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Forums Adobe After Effects No Underlining of Text? Why?

  • No Underlining of Text? Why?

  • mmhmichael

    August 28, 2007 at 5:31 pm

    if you want to play around with making animated shapes using the text animators – try making a block of text that is just the | symbol (shift+back-slash key) in a big thick font. kern them extremely close together and you get a nice banner shape. i’ve animated this along a wavey path to get some nice ‘flying banner’ type effects. and rolling the scale animator up and down the range of text gives you nice effects as well.

  • David Cherniack

    August 28, 2007 at 5:37 pm

    Nice creative solution. I’ll figure something out that works in the scene.

    David

  • Ron Lindeboom

    August 28, 2007 at 5:56 pm

    [David Cherniack] “1. Underlining judiciously has its place, especially in headings.”

    Yes, it does. But AE is an animation program and as such, I would opt to think that you can animate an underline (as mentioned elsewhere in this thread) and even use other techniques to accomplish the same thing. Newspapers, magazines, etc., have far more restrictions than does AE.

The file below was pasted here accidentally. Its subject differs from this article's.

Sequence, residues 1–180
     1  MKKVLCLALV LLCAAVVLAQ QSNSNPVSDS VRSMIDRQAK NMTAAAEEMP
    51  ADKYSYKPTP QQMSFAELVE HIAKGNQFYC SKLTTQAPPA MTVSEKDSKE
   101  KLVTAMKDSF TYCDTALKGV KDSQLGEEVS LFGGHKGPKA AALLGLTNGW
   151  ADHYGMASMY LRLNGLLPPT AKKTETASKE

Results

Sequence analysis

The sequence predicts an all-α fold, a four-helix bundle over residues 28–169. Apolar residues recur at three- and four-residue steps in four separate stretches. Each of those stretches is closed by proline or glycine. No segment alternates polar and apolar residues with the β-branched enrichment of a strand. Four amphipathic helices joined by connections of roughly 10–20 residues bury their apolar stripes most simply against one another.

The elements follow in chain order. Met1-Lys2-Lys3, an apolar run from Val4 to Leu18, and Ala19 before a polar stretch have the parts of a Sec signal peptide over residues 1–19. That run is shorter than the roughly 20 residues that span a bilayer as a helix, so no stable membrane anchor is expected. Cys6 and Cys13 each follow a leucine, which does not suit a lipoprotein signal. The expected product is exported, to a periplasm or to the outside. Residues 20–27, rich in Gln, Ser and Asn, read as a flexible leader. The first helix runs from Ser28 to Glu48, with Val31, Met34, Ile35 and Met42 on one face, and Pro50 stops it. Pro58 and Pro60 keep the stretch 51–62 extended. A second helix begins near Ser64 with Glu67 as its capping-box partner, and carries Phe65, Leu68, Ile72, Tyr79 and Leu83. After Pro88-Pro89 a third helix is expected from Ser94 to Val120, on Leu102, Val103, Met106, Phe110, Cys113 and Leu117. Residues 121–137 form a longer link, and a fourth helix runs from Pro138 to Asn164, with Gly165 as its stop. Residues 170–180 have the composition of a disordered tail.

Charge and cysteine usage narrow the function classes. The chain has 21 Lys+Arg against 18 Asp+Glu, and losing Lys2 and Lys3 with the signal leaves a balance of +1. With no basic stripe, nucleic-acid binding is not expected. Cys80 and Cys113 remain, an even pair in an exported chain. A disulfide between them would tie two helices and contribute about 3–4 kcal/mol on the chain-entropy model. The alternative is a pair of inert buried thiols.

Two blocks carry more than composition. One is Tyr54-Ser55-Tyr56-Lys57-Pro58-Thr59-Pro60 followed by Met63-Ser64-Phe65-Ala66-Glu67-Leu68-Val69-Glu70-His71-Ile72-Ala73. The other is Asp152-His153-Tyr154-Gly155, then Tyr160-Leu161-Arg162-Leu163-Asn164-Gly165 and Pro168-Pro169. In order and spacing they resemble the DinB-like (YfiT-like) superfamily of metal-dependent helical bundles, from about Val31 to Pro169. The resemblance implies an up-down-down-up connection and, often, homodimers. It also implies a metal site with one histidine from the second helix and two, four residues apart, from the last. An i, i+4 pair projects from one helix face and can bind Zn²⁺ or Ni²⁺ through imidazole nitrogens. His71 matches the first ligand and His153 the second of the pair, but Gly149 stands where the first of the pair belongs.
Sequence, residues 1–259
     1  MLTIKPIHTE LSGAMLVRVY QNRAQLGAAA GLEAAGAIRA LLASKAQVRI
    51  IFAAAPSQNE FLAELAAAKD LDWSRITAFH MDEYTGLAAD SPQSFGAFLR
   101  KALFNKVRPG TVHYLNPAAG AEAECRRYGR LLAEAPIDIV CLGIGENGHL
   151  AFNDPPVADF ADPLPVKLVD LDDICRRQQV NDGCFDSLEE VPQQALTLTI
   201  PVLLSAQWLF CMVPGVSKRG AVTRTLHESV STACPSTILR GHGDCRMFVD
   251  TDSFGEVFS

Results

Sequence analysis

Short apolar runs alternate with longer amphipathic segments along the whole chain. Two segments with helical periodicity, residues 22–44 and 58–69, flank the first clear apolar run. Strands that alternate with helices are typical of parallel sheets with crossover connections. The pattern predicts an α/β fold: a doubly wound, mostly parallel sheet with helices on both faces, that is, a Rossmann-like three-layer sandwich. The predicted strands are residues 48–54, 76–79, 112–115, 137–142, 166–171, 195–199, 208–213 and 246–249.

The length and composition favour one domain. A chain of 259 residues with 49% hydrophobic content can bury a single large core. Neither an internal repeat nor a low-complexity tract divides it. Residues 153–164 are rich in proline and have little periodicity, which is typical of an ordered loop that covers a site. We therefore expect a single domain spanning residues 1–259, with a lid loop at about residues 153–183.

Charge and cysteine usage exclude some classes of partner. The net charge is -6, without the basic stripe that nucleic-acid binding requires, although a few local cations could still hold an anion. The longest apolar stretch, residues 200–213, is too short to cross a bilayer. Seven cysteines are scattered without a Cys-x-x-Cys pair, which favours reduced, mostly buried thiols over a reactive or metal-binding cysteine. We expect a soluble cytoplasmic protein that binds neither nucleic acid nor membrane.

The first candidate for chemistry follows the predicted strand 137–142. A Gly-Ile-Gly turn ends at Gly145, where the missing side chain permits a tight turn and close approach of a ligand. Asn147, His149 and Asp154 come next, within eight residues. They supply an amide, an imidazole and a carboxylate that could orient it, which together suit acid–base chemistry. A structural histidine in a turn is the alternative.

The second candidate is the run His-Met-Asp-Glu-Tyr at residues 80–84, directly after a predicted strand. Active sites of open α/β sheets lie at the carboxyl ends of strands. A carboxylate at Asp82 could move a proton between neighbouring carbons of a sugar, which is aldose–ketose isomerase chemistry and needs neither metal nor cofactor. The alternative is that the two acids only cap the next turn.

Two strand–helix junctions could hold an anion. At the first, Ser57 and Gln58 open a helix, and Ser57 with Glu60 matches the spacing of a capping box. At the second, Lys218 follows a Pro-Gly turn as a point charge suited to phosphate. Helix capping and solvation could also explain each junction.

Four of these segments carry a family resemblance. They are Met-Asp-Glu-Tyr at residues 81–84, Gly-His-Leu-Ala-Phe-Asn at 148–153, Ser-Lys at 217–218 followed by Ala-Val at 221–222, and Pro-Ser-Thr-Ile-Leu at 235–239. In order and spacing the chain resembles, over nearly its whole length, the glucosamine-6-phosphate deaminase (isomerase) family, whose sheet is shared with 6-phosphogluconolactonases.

[David Cherniack] “2. The other major Adobe apps do it.”

    The other apps are not animation apps. Well, now that Photoshop has the Extended version, you could do it there, couldn’t you???

    [David Cherniack] “3. The discussion is about why it’s not in AE. Not why it should or shouldn’t be done.”

    Gee, I didn’t know that you owned the site, David. And I was unaware that throwing ideas into the discussion was verboten. I just checked the policies and code of conduct page and didn’t see any such thing…

    Also, held to such a ludicrous limitation, this thread would be merely useless supposition and speculation. There would be absolutely NOTHING of substance in it.

    [David Cherniack] “4. Why, pray, bring caps into the discussion.”

    It’s called “illustrating a point,” and it is something that people do to support ideas.

    Lastly, these boards are for FAR MORE than just answering your question(s), David. There are many less experienced users here, as well as many very experienced users.

    The boards are here to broaden people’s perspectives and understanding of things.

    If you want to hold it to a “you can only answer my question or I’ll fold my arms across my chest and hold my breath” formula, feel free.

    Best regards,

    Ron Lindeboom

  • Todd Kopriva

    August 28, 2007 at 6:04 pm

    In case you weren’t aware of it, here’s a link to the feature-request form for After Effects:

    https://www.adobe.com/cfusion/mmform/index.cfm?name=wishform&product=57

  • David Cherniack

    August 28, 2007 at 6:08 pm

    [Ron Lindeboom] “these boards are for FAR MORE than just answering your question(s), David. There are many less experienced users here, as well as many very experienced users.

    The boards are here to broaden people’s perspectives and understanding of things.

    If you want to hold it to a “you can only answer my question or I’ll fold my arms across my chest and hold my breath” formula, feel free.”

    Ron,